We have heard what is bad about ASO, how people can cheat the system, and what can be done to stop it, but now we need to talk about what needs to change about ASO. Gareth believes that app store providers should tweak their algorithms to be more based on quality than quantity. Perhaps have app stores analyze the semantics of reviews to help spot fakes.
To determine the quality of the app, Gareth feels like there shoulAd be more complex algorithms that go past just installing the app. Take into account how much time the app is used and how long the app is installed before the user removes it should all come into play when determining an app’s placement in the app store. Making these algorithms more transparent also doesn’t help the ASO situation because it allows developers to find ways to game the system. If you kept the algorithms shadowed and complex, developers would spend more time, money, and resources creating a better app than attempting to move up in the rankings.
When will it change?
So are we going to see a change in ASO soon? Unfortunately, probably not. People only have a finite number of app needs, and as app stores reach maturity, those needs are mostly taken care of. The companies that run these app stores (Apple, Google, etc.) are not focused on helping each developer’s app reach it correct position. They are focused on meeting the customers’ needs with the apps they provide. As long as there is a quality app available for users’ needs, these companies are going to be content. As for getting rid of fake reviews and revamping the ranking system, Gareth says we are far away from that.
This whole article might have sounded like one big downer. If you create a quality app, companies who can afford to buy installs and reviews will be rated higher than you even if their app isn’t good. There is not much users can do to stop those who game the system. And app store providers are not too worried about the fake reviews flooding their stores because customer needs are met. If you were a developer reading all of that, you’d probably feel pretty awful.
But Gareth left me with a fantastic piece of advice for developing apps. “Making a high-quality product that people need is the best way to find success.” If that does not lift you up and make you want to try harder, then I do not know what will. Sure, these cheating apps are currently ranked higher than far more quality apps, but that will not last forever. Making a quality app will grow your users organically, and they are way more likely to stay with your app instead of looking for an alternative.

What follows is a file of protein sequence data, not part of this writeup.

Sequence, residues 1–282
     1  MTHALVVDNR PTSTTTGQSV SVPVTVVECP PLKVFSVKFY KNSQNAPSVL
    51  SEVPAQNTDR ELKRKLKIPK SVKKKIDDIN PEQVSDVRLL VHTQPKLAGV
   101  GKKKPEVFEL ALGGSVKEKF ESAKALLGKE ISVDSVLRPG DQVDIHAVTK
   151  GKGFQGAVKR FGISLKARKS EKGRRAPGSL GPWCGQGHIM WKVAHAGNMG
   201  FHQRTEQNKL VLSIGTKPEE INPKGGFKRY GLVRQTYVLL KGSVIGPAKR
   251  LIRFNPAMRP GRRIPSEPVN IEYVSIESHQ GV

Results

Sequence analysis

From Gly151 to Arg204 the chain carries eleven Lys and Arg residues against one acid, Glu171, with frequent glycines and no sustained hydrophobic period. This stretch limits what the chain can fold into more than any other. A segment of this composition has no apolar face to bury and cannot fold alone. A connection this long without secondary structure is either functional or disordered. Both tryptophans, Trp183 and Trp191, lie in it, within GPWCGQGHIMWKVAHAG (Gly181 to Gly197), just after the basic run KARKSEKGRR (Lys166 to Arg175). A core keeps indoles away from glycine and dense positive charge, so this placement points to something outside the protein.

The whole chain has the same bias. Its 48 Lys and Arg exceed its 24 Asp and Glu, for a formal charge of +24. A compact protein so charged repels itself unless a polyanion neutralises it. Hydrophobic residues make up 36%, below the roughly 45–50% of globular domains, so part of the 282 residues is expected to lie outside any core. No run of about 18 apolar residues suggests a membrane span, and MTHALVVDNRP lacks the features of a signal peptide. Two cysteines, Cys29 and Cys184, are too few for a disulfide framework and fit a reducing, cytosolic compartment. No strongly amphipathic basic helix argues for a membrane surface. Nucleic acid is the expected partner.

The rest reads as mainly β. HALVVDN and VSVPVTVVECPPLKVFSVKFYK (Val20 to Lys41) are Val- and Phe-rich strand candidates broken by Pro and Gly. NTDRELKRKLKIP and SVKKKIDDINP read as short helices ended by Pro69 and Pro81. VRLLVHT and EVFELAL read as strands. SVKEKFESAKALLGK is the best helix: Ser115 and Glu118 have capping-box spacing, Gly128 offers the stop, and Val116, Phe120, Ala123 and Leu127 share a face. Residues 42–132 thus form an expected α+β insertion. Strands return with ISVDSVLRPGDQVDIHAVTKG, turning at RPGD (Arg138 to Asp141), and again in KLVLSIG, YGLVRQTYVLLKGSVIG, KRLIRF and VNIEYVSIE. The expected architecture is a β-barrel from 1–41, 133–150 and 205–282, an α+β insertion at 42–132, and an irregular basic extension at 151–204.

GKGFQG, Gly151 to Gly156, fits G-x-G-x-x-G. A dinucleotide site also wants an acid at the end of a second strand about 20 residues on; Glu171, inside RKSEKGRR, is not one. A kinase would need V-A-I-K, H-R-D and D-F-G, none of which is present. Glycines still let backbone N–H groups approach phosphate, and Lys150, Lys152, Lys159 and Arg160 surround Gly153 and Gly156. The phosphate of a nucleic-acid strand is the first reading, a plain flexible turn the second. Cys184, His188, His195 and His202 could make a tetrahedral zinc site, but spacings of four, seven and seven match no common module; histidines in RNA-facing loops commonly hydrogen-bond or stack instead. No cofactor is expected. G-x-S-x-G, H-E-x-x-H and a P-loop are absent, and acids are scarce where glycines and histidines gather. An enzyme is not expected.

I hope that you have all learned something from this informative and educational. I would like to thank Gareth Price for taking the time to talk with me about app store optimization and to remind everyone that quality always trumps quantity.
App store optimization is used by developers to see how apps are entered into the app store and making sure that the correct app gets in front of the right customer.
I assume you are pointing out the “making” error. Thank you, fixing now!
Yes, @Henry I am pointing the making error.
Hi Henry, I’m pretty sure that the algorithm check even the usage of the app or game and not only if you have left a rating or a review, this should help publisher who do not use this kind of fake review to grow their apps. Am I wrong?
When you don’t completely understand App Store Optimization and mobile search, it’s easier to blame those “black hat” techniques or broken app store algorithms. Truth is you don’t need to “game the system” to have an effective long term organic strategy.
Rudimentary ASO tools will have you believe their web data is effective and ASO consultants will offer advice based off web search data. It’s a complete system of misinformation. ASO tools don’t do ASO and consultants don’t have scale.
Understanding mobile search requires proprietary data, experience across the entire worldwide app stores and a team of ASO experts. Not going to inappropriately plug the company here.
BTW. Paolo De Santis is correct. The Google Play Store takes into account uninstalls and engagement in determining overall rank.
Great article Henry,
This is somewhat true. There are over hundreds of so-called “ASO agency” cheating on developers/companies investing their thousand dollars for rankings. These agencies used incentivized app downloads/burst downloads, false reviews and other blackhat techniques.
These blackhat techniques are so cheap (i saw $0.05 per install) yet they trick app developers for buying a service that isn’t even worth a penny.
It’s a very young business but the revenue is worth billion of dollars, maybe it’s time to top app stores to roll some algorithm updates.